Friday, 2 March 2012

I am going to digress for a moment to answer queries I receive from family and friends about where I will put my new Penguins.  A couple of years ago I received a wall to wall, floor to ceiling bookshelf from my husband as a birthday gift to house all of my books, Penguin and non Penguin alike.  The bookshelf is beautiful but of course the more space one has, the more one is likely to fill it up.  I have turned the front room into my Tasmanian Penguin museum. The fact it has now spilled into the hallway along with my old dog figurines is neither here nor there.  I am assured I will fill the bookshelves and still have room left over for future finds. Where there is a will, there is a way.

As far as finding a quiet place to read, I have my "Penguin chair" and matching lamp. I found this chair for $20.00 in the City Mission shop and liked its art deco design. I took it immediately to the upholsterer along with a copy of a bright orange Penguin book and told him this is the colour I want. Must also be vinyl and not leather both b/c of cost and authenticity.  He thought I was mad and only told me that once the 'new' chair had been delivered.  He was surprised at the amount of positive comments he received while it was still in the shop and was quite enamoured of it himself once he saw how it fit into the room.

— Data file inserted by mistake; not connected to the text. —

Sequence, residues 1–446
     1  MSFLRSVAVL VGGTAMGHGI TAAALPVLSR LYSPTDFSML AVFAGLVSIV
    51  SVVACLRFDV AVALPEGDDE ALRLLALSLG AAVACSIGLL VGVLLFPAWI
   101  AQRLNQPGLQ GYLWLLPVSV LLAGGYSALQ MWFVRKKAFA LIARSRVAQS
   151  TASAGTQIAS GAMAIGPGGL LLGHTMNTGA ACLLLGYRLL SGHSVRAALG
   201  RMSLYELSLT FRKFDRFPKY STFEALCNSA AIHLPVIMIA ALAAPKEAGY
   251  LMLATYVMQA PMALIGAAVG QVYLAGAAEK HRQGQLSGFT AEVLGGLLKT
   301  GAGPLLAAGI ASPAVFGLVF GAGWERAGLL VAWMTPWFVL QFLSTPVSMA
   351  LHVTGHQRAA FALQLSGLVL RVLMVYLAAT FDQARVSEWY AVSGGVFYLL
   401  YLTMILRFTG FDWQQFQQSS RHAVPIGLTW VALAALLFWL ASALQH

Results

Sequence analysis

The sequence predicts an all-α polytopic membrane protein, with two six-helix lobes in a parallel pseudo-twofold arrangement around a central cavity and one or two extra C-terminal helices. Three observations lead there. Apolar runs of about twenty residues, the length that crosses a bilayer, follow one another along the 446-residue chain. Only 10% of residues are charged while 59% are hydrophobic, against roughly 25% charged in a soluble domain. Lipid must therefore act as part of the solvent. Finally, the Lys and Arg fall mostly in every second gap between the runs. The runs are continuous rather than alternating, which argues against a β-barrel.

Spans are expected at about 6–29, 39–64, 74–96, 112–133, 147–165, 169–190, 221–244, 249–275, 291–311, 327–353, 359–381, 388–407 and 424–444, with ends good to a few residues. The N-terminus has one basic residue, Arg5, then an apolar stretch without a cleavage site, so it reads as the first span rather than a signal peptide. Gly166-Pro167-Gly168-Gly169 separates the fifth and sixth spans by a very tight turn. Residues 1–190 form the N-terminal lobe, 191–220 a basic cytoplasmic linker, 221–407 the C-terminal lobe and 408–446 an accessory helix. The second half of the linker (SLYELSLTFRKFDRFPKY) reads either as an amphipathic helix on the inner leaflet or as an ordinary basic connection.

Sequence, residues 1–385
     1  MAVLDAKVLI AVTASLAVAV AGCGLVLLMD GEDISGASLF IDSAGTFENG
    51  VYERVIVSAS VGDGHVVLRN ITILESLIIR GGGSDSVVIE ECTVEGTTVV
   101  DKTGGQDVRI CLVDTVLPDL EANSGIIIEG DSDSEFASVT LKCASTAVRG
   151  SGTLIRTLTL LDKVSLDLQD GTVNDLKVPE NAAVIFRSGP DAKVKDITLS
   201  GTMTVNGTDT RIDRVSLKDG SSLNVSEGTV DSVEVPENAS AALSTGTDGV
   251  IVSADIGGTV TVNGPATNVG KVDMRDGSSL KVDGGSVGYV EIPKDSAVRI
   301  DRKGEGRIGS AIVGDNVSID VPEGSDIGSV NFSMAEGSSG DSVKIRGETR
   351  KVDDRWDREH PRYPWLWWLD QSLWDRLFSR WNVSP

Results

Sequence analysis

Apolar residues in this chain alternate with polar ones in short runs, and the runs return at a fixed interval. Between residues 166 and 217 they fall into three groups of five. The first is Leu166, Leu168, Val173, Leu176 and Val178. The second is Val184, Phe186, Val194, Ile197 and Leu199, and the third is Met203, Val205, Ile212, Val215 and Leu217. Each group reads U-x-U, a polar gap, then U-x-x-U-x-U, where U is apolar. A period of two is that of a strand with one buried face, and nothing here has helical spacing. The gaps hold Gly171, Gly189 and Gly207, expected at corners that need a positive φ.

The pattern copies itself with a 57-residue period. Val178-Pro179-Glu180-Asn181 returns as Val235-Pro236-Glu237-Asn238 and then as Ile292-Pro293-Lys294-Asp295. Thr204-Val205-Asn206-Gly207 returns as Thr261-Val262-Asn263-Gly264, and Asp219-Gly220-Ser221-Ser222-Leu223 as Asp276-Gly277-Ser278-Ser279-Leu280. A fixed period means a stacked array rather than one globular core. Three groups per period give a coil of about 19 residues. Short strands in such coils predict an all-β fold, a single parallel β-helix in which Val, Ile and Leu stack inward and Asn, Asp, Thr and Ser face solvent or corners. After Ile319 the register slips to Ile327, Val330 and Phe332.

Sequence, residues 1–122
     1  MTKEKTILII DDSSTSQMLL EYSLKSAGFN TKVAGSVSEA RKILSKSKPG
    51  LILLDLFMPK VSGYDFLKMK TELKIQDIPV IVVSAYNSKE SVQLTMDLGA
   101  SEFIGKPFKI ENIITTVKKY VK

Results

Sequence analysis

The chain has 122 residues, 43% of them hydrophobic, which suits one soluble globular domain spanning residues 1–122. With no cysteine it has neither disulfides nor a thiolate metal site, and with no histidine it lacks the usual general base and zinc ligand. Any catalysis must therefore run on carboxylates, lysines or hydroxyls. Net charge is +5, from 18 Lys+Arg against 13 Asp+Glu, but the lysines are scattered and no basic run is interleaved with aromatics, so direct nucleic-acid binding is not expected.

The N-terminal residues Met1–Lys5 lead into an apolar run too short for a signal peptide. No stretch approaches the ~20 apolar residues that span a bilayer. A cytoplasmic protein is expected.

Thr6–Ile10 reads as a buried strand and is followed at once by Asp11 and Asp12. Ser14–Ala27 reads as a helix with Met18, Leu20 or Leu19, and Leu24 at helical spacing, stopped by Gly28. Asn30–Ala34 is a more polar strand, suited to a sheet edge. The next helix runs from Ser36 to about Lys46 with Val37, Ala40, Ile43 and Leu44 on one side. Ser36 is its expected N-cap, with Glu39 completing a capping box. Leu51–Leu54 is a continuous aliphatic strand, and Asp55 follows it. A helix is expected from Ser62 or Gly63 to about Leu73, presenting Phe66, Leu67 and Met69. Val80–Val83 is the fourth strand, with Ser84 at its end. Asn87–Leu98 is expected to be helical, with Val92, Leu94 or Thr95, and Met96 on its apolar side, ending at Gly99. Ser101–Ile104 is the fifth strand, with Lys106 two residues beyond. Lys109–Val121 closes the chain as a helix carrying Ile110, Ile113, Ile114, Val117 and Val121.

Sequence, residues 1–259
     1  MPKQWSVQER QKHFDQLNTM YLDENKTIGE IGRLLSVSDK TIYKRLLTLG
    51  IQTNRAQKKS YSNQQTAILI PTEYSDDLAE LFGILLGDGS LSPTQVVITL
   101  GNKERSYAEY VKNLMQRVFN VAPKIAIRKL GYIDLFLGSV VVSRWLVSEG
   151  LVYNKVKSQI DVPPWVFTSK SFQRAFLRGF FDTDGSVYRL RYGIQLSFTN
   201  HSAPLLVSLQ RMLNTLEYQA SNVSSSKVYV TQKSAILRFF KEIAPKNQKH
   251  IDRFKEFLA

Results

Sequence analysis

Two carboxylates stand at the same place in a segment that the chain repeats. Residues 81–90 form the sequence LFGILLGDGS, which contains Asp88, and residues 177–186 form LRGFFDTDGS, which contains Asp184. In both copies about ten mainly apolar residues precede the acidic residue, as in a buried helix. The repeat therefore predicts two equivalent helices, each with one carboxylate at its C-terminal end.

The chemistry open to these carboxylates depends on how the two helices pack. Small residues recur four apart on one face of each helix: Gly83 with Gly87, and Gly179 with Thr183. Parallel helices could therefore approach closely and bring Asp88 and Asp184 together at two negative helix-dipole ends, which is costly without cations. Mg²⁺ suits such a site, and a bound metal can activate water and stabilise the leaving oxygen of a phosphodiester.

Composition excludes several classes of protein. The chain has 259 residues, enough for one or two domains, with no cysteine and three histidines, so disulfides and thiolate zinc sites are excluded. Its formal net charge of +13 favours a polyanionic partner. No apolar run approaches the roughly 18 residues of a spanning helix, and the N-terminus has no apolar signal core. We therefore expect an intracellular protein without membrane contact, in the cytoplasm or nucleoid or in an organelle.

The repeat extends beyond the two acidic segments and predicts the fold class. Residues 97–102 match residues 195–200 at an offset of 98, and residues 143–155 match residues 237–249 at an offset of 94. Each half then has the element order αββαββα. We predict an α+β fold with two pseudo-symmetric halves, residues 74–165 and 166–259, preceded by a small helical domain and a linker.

Thursday, 1 March 2012

Penguins Flying in from England

I have recently completed a 2 week + trip beginning in Amsterdam and ending in Oxford looking for Penguin Books to send home to Tasmania.  After stops in Newcastle, Chester, Hay on Wye, Bristol, Lyme Regis, London as well I managed to collect approximately 200 books.

As postage is very expensive and excess baggage more,  they were sent via surface mail however a package has since arrived air mail so I am able to start cataloguing them on Library Thing and finding homes for them on shelves.